Tuesday, November 20, 2012

Polly, this wasn't voter intimidation (Genoa Township)

As a poll challenger in most elections for the past 10 years, I have a pretty good idea what was going on here. I know a little bit about elections. I shouldn't know more than the clerk, especially someone who used to be my municipal clerk as I used to live in Genoa Township for almost 25 years.


Long before this, I'm not impressed with the job done recently by Polly Skolarus. She was unopposed in the last election, but some normally GOP voters on my recommendation gave her what I call the "blank treatment" (voting for blank and skipping that race) for a reason. The write-ins for the primary were blundered, and a non-citizen was voting under her watch until that was cleaned up. From what I've heard, she was aware of the non-citizen voting previously as well and let it go. There are a few other things, but somebody needs a primary challenge here, which I've believed long before this. If I still lived in Genoa Township, I might have given it a go. If I was forced to pick between Todd Smith getting another term or Polly Skolarus getting another term, I'd go reluctantly with Smith, and I supported Smith's opponents in the primary, and one of the conservative independents in the general.  Polly was unopposed.

From the Argus.

Republican poll challengers attempted to intimidate voters in each of Genoa Township's 12 voting precincts this month, the township's GOP clerk said.
Township Clerk Polly Skolarus said the Republican challengers did not challenge voters' registration, but transmitted their data electronically to state party officials during the Nov. 6 election.

When you are a municipal clerk, you can't be ignorant. You need to know the laws and make sure the poll workers know them and the standard operating procedures. Prepare for everything, including the bad stuff like a broken tabulator. Poll challengers are used for making sure the polls are run properly. They are also sometimes used in GOTV efforts.

Genoa Township is a republican stronghold. We WANT a high turnout in Genoa Township. We DON'T want to supposedly "suppress" the vote there. The challengers wanted to GOTV. This was part of the infamous Project Orca. While Project Orca sounds like a giant clustermuck and failure from a software angle, the concept that was attempted here was not. If there were more challengers in Genoa Township than in Ann Arbor, East Lansing, or Lansing, that's the reason. Usually there's occasionally a challenger or two in the precincts around here, and it's more often a democrat. The Republican challengers are in 70%+ dem precincts.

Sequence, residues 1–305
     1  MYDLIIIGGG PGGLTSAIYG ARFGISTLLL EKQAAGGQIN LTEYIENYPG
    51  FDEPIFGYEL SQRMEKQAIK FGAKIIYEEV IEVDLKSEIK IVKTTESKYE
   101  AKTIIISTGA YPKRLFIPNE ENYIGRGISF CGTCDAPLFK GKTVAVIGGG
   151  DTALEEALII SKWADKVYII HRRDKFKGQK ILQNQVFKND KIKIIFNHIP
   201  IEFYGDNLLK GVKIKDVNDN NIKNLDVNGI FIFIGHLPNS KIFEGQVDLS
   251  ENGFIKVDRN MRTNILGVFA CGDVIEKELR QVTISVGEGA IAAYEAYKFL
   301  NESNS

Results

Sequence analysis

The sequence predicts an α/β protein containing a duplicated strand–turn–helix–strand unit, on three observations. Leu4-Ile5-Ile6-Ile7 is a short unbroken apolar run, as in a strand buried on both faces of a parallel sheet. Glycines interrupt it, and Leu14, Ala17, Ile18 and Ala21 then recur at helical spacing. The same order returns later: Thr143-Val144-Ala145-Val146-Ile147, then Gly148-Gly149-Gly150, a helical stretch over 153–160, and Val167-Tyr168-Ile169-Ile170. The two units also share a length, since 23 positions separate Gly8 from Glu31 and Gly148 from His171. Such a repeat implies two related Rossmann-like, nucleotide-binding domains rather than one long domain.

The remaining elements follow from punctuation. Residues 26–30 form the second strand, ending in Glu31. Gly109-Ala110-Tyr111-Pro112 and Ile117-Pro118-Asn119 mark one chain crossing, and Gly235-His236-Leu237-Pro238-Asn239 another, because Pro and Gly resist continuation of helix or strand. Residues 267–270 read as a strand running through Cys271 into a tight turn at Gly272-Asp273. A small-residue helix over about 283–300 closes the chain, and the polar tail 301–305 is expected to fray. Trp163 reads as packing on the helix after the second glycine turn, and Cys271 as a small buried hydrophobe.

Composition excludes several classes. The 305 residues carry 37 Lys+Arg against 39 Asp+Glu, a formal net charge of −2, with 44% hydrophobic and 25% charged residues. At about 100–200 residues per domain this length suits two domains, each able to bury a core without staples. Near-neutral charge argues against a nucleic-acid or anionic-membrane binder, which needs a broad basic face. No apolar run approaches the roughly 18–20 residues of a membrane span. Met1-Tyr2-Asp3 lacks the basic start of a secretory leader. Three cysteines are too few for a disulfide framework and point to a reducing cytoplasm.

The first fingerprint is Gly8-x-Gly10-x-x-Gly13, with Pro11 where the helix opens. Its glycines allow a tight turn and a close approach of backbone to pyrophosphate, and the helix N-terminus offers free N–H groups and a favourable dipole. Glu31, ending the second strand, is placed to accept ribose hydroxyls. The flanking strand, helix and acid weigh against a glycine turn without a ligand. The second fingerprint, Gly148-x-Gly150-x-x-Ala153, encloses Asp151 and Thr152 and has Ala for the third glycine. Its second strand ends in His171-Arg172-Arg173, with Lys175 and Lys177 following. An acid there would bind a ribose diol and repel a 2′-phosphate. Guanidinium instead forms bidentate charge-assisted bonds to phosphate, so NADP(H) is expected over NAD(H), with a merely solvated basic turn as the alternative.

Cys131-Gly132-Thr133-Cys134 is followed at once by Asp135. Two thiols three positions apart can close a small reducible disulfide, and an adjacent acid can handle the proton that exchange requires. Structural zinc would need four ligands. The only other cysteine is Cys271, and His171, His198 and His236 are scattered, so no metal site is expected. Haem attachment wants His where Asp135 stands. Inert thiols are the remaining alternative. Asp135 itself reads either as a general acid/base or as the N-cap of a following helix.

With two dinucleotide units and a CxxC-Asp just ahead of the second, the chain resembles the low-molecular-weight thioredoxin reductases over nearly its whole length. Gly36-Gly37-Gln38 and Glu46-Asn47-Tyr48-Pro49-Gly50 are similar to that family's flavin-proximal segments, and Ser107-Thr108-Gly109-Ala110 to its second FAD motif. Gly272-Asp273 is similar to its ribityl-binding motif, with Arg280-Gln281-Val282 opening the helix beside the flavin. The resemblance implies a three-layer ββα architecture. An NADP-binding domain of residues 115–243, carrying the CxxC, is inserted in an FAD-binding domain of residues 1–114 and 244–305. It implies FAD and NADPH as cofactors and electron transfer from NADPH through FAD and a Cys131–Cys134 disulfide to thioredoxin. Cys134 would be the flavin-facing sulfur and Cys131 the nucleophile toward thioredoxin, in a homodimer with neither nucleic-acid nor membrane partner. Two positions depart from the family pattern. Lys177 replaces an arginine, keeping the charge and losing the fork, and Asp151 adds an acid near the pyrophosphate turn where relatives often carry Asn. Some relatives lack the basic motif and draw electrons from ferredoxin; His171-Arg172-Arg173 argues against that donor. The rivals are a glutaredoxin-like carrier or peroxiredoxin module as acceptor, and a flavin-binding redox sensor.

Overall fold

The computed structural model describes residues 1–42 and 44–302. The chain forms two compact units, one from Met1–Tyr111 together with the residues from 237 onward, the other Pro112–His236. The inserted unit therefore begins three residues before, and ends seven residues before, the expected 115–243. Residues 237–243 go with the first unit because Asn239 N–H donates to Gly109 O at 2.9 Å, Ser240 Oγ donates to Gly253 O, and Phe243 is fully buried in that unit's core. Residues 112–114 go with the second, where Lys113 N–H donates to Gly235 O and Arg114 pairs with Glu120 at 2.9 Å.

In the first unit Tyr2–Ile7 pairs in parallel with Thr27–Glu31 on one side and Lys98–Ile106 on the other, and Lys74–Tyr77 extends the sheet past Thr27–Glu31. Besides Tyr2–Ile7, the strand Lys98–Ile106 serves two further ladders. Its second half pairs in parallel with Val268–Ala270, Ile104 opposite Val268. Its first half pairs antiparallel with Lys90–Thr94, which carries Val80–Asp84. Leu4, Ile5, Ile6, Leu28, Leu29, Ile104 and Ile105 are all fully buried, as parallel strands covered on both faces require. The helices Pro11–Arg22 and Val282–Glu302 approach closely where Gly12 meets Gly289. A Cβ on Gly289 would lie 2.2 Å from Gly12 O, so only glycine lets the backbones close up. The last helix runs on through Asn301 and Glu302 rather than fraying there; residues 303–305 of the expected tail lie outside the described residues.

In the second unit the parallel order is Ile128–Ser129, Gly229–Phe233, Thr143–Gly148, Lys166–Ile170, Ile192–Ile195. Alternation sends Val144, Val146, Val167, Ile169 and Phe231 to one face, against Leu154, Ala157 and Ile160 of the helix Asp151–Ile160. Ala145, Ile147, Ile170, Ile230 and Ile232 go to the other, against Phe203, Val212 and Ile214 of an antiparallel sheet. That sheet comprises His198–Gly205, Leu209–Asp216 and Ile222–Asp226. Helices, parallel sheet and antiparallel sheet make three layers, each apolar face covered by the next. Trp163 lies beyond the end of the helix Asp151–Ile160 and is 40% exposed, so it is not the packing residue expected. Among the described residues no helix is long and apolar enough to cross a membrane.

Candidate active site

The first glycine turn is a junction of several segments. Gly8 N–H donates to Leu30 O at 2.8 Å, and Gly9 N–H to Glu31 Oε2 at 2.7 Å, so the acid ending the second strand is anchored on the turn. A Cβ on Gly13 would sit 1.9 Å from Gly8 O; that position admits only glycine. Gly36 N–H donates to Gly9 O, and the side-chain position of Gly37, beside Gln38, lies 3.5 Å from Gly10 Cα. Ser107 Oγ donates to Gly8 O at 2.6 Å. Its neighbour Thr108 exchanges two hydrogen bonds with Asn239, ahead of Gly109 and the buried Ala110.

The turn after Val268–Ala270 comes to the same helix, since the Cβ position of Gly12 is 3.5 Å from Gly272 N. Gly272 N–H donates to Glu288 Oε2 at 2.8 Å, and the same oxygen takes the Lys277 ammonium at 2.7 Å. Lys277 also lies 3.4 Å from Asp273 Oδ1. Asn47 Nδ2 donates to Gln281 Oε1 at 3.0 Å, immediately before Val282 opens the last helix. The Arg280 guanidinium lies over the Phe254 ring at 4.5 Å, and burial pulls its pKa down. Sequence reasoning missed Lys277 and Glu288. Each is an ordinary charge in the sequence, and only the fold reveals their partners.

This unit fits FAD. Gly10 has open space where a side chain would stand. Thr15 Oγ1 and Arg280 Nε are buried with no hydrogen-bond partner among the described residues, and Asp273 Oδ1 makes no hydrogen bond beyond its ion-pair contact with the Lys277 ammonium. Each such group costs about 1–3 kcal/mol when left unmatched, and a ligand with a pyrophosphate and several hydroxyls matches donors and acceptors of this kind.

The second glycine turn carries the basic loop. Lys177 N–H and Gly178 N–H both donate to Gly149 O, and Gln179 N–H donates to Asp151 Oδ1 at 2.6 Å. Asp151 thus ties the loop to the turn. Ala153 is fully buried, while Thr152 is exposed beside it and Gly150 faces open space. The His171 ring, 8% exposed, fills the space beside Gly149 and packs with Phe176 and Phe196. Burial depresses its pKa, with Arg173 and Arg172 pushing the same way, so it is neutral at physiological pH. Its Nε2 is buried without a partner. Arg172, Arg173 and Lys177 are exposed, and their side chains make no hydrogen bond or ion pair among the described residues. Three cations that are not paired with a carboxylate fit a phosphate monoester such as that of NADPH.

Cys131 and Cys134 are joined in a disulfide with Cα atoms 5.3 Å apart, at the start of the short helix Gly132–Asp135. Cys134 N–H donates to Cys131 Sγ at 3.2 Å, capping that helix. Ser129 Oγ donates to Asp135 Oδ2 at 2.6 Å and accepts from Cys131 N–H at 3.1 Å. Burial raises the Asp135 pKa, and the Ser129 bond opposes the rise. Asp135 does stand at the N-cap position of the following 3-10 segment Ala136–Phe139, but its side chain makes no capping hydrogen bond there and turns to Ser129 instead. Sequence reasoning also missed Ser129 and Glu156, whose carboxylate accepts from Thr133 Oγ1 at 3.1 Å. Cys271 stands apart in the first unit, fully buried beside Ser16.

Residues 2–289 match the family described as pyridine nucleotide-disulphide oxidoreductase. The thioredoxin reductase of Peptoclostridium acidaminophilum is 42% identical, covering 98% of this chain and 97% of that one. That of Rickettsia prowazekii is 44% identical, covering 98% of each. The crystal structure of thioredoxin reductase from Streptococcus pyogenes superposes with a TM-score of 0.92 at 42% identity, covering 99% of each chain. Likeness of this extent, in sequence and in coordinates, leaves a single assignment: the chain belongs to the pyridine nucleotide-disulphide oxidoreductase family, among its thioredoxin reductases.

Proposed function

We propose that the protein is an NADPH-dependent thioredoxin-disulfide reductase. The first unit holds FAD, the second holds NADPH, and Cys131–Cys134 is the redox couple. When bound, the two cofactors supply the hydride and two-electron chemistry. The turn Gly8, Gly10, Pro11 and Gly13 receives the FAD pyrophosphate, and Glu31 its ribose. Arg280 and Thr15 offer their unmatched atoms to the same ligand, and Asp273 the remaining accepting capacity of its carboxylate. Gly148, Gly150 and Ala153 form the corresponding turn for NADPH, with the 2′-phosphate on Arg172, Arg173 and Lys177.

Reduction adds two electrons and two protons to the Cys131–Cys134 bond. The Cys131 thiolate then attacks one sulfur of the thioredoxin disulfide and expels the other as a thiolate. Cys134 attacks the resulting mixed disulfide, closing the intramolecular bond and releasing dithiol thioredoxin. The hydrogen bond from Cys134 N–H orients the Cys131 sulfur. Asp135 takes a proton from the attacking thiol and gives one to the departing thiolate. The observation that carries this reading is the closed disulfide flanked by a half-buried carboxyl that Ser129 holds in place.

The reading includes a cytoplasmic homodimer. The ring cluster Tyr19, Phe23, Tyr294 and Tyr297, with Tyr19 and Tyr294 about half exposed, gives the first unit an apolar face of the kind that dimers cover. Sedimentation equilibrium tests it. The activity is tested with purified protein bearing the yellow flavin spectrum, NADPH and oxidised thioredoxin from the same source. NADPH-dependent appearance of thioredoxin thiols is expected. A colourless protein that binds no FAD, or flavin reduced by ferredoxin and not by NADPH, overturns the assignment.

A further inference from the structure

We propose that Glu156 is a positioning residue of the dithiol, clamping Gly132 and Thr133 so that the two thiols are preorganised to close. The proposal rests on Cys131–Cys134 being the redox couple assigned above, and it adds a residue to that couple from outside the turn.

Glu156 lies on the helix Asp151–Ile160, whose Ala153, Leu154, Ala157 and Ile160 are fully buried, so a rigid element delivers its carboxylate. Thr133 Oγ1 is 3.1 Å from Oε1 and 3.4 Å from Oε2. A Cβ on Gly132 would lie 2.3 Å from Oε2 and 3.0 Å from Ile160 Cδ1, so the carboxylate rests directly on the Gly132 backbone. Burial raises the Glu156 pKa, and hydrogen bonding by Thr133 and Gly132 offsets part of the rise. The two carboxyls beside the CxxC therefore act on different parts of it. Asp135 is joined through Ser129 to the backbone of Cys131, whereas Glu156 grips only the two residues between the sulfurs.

I've seen what Polly's complaining about on a smaller scale. I challenged in a Southwest Lansing precinct back in 2010. Lansing is a democrat stronghold. The democrat challengers there were over the shoulder getting information about who voted, and getting that list back to the dems to find out who has not voted, so they can get those people to the polls and vote. There was a competitive state rep race that year between Barb Byrum and Jeff Osterle. It's a mostly rural district with part of South Lansing as well. Byrum needed a good turnout in South Lansing to survive that year. She did. This isn't some top secret operation that I'm describing. It's something democrats have done in urban areas for years.

Election challengers are appointed by political parties and organizations and can formally challenge a voter's registration and precinct practices. Poll watchers do not need those credentials, but can only observe the process.

They can also be behind the poll workers. Poll watchers can not. That's why the GOTV folks behind the poll book are challengers. Poll workers don't care for it, but they understand that it is part of the process and are professional. I'm usually an active challenger, although I haven't been given a list so I play it by ear and eye. Just being there and knowing what I'm doing is 1/2 of the battle. I haven't seen shenanigans, but you never know what may be the next Philly.

Township resident Barbara Shreve filed a formal complaint with the state. She called her voting experience on Nov. 6 "the worst I've ever experienced" in her complaint.
Shreve said a poll challenger wrote down her name when she questioned the challenger's role at the voter application table. She said she considered that an act of intimidation.
"As a citizen of this community, state and country, I am appalled to have any sort of political activist within the precinct. She was within a few feet of the people making their personal decision of who to elect and what proposals to support," Shreve wrote in her letter.

The challenger is not supposed to talk or gesture to voters and should be trained in that to avoid actual intimidation. I think what the person did was to write that down and report that as a potential issue. 95% of voters don't know about poll challengers or what they do. They aren't used to it in Livingston County especially.

With the exception of one or two challengers in the 2010 election, the township hadn't had a poll challenger in at least Skolarus' 26-year career with the township, she said.
A GOP challenger also monitored the township's absentee-voter counting board, Skolarus added.
 The AV watch was likely an active challenger, and someone should be always watching the AV's. The rest of it sounds like an attempt at the Project Orca operation to get out the vote so non-voters are contacted. 

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